Anisoplanatism effect on the EELT SCAO point spread function. A preserved coherent core across the field
LESIA, Observatoire de Paris, CNRS, UPMC, Université ParisDiderot, 5 place Jules Janssen, 92195 Meudon, France
email: yann.clenet@obspm.fr
Received: 5 December 2014
Accepted: 13 September 2015
Context. The science case studies and the optimized designing of the future adaptive opticsfed extremely large telescope instruments require the precise simulation of their adaptive optics system, potentially over their whole field of view, whatever the adaptive optics flavor the instruments will be equipped with.
Aims. We simulate the anisoplanatism effect on the extremely large telescope single conjugate adaptive optics point spread function. Our interest in this expected degradation of the correction performance with respect to the offaxis distance is in terms of the point spread function Strehl ratio and profile.
Methods. Adaptive optics simulations at the scale of extremely large telescopes are challenging given the large parameter space to explore for the adaptive optics dimensioning and the large number of degrees of freedom at play for a given set of simulation parameters. To address this problem, we have used three different simulation tools with increasing degree of fidelity compared to a real adaptive optics system. The first is based on analytical formulae and allowed us to derive the Strehl ratio degradation with the offaxis distance. The second is a Fourierbased code and provided us with both the Strehl ratio and the point spread function profile in the field. The last is an endtoend code based on the graphical processing unit technology and also provided us with the Strehl ratio and the point spread function profile in the field.
Results. The three tools we used demonstrated a fast execution time even at the extremely large telescope scale. Crosschecks between the different codes were performed and demonstrated the coherency of the results. In addition to the expected degradation of the adaptive optics performance with the field angle, we demonstrated that in the simulation conditions applicable to the EELT, the single conjugate adaptive optics point spread function remains topped with a coherent core even at offaxis distances as large as 60 arcsec and consequently very low Strehl ratios. We also studied the impact of the outer scale on the point spread function profile, demonstrating that the aforementioned Airylike pattern is observable even when the outer scale is larger than the telescope diameter.
Conclusions. These results could push for the preservation over a large field of the optical quality of any common path optics between the telescope and the instruments in single conjugate adaptive optics mode. This could offer some astrometric capabilities to these instruments operating in this adaptive optics mode.
Key words: atmospheric effects / instrumentation: adaptive optics / methods: numerical
© ESO, 2015
1. Introduction
The first instruments on the European extremely large telescope (EELT, Ramsey et al. 2014) will be fed by complex multiconjugate adaptive optics (MCAO) or laser tomographic adaptive optics (LTAO) systems. The motivation is to achieve a specified AO correction over a given field of view and to provide greater sky coverage than a singleconjugate adaptive optics (SCAO) correction. However, these instruments are also planning to work in SCAO mode, either for full scientific exploitation (SCAO would better perform onaxis than the other AO modes) and/or in a phased approach of the AO implementation at the EELT.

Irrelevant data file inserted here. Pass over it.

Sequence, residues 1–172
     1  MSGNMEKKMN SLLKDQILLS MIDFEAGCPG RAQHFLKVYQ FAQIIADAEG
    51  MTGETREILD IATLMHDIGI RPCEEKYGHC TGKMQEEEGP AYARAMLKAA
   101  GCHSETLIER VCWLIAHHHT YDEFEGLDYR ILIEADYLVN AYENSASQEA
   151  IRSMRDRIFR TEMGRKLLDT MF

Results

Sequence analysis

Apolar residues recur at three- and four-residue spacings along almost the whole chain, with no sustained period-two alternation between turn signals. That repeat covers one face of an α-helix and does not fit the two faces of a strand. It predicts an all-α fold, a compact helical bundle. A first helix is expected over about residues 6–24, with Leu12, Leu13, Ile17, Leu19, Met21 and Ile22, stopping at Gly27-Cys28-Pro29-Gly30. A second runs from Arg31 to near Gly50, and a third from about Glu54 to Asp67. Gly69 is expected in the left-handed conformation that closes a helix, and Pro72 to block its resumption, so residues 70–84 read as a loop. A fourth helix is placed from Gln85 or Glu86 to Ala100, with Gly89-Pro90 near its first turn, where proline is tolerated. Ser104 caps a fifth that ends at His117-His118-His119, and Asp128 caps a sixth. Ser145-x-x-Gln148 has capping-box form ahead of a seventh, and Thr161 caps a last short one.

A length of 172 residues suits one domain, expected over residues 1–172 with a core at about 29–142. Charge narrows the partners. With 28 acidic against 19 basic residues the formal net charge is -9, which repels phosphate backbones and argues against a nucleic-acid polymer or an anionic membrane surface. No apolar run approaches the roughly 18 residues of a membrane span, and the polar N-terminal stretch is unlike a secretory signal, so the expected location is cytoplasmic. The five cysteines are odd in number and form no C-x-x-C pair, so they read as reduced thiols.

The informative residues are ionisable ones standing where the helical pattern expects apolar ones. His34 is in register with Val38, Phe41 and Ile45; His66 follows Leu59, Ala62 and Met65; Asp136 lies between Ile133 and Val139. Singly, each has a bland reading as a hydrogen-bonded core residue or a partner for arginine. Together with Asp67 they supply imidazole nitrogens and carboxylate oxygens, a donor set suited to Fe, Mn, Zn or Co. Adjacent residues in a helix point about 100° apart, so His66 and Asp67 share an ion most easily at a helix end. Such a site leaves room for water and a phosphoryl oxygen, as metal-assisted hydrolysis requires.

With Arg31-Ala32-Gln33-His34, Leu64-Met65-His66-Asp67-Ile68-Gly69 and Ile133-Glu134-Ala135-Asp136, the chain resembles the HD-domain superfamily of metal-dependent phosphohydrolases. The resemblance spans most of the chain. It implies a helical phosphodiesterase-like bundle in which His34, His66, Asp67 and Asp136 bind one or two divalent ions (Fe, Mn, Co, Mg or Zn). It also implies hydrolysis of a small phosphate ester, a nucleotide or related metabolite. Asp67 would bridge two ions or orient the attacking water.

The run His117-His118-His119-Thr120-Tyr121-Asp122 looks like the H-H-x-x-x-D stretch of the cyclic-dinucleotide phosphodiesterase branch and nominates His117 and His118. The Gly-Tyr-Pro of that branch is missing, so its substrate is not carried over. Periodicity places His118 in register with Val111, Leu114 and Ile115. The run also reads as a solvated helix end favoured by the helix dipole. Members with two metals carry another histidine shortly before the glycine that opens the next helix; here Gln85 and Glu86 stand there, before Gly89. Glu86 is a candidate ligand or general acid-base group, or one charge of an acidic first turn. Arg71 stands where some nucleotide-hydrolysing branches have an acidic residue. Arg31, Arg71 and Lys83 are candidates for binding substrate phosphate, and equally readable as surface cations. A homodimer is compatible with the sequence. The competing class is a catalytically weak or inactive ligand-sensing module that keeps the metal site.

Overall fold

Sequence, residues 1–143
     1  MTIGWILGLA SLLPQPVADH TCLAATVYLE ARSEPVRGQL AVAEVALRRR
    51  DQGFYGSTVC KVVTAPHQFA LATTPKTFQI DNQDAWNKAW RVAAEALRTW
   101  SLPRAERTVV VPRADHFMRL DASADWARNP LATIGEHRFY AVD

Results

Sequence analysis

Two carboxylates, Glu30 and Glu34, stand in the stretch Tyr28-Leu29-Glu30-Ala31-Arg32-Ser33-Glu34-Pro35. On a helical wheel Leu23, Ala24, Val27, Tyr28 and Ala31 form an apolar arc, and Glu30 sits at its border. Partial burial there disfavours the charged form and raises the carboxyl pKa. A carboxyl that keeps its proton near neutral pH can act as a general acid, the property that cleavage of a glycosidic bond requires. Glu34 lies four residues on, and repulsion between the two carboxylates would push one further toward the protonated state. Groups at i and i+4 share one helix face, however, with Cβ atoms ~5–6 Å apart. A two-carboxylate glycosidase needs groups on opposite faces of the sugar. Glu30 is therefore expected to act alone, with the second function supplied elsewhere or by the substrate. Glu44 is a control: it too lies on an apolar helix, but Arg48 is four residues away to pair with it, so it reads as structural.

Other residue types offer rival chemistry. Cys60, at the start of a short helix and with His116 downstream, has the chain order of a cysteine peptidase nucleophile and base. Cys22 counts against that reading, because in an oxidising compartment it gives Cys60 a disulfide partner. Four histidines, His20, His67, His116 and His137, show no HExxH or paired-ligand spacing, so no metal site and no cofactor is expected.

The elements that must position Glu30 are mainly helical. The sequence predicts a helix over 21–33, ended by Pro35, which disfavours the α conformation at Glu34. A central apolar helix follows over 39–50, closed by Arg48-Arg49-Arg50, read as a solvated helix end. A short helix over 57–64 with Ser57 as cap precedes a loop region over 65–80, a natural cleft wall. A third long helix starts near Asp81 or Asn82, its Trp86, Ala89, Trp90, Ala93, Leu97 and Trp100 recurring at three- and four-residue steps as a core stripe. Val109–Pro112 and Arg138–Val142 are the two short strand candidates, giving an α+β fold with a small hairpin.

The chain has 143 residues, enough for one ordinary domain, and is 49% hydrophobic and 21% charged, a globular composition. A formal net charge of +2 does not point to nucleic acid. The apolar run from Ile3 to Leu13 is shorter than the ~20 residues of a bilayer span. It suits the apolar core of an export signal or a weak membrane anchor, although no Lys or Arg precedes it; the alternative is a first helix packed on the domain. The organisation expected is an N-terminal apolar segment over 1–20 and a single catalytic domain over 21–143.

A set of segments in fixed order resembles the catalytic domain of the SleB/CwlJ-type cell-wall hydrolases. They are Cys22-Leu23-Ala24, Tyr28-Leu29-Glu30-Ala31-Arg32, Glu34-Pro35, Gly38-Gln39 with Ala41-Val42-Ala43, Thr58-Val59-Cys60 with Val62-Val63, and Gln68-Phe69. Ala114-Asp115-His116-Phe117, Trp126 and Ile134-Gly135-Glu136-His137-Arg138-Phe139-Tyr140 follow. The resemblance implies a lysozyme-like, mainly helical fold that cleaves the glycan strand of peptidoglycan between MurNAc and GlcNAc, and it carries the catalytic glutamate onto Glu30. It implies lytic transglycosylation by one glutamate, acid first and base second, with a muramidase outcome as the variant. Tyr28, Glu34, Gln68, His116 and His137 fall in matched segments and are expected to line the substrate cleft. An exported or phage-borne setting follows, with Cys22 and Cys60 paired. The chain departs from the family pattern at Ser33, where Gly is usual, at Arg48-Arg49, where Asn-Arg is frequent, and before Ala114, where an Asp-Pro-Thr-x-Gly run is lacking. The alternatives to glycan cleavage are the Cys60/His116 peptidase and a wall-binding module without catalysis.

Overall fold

The study presented in this article focuses on the anisoplanatism effect on the SCAO EELT point spread function (PSF). Resulting from the different turbulence encountered by the light propagation from the AO reference source and the scientific target, anisoplanatism is known to limit the correction quality of SCAO beyond the isoplanatic patch (Fried 1982). Several studies have been published about the effect of anisoplanatism on the AO performance in terms of the PSF Strehl ratio (SR) and include the influence of different turbulence characteristics: turbulence profile, outer scale, etc. (e.g. Racine & Ellerbroek 1995; Ellerbroek 1997; Whiteley et al. 1998). Only a few studies focused on the anisoplanatism effect on the PSF profile, or the profile of its Fourier transform, the optical transfer function (Chassat 1992; Troxel et al. 1994; Fusco et al. 2000).
These studies were limited either to telescopes of diameter up to 10 meters or to small offaxis distances. More recently, studies on AO performance in the field in the ELT context are associated with wide field AO modes (ground layer AO, multiconjugate AO or multiobject AO; see e.g. Neichel et al. 2008) and with the focal anisoplanatism effects on the laser guide star wavefront sensing rather than with angular anisoplanatism (e.g., Muller et al. 2011; Correia et al. 2013).
Conan et al. (2003) has shown that for large telescope diameters (larger than ~30–40 m) and small outer scale values (smaller than 10 m, i.e. rather extreme cases), the turbulent PSF full width at half maximum (FWHM) approaches and then reaches the diffraction limit; this is a consequence of the reduced low order aberrations in the turbulence when the outer scale is smaller than the telescope’s diameter.
Hence, performance of SCAO in the context of the ELT has been considered only onaxis untill now. However, for the purpose of preparing the EELT instrument science cases, we think it is of interest to estimate the performance of SCAO across the field of view with realistic outer scale values. An additional interest is specifying the optical quality of the common path optics, if any are specific to SCAO: these optics could be optimized with respect to the SCAO performance in the field.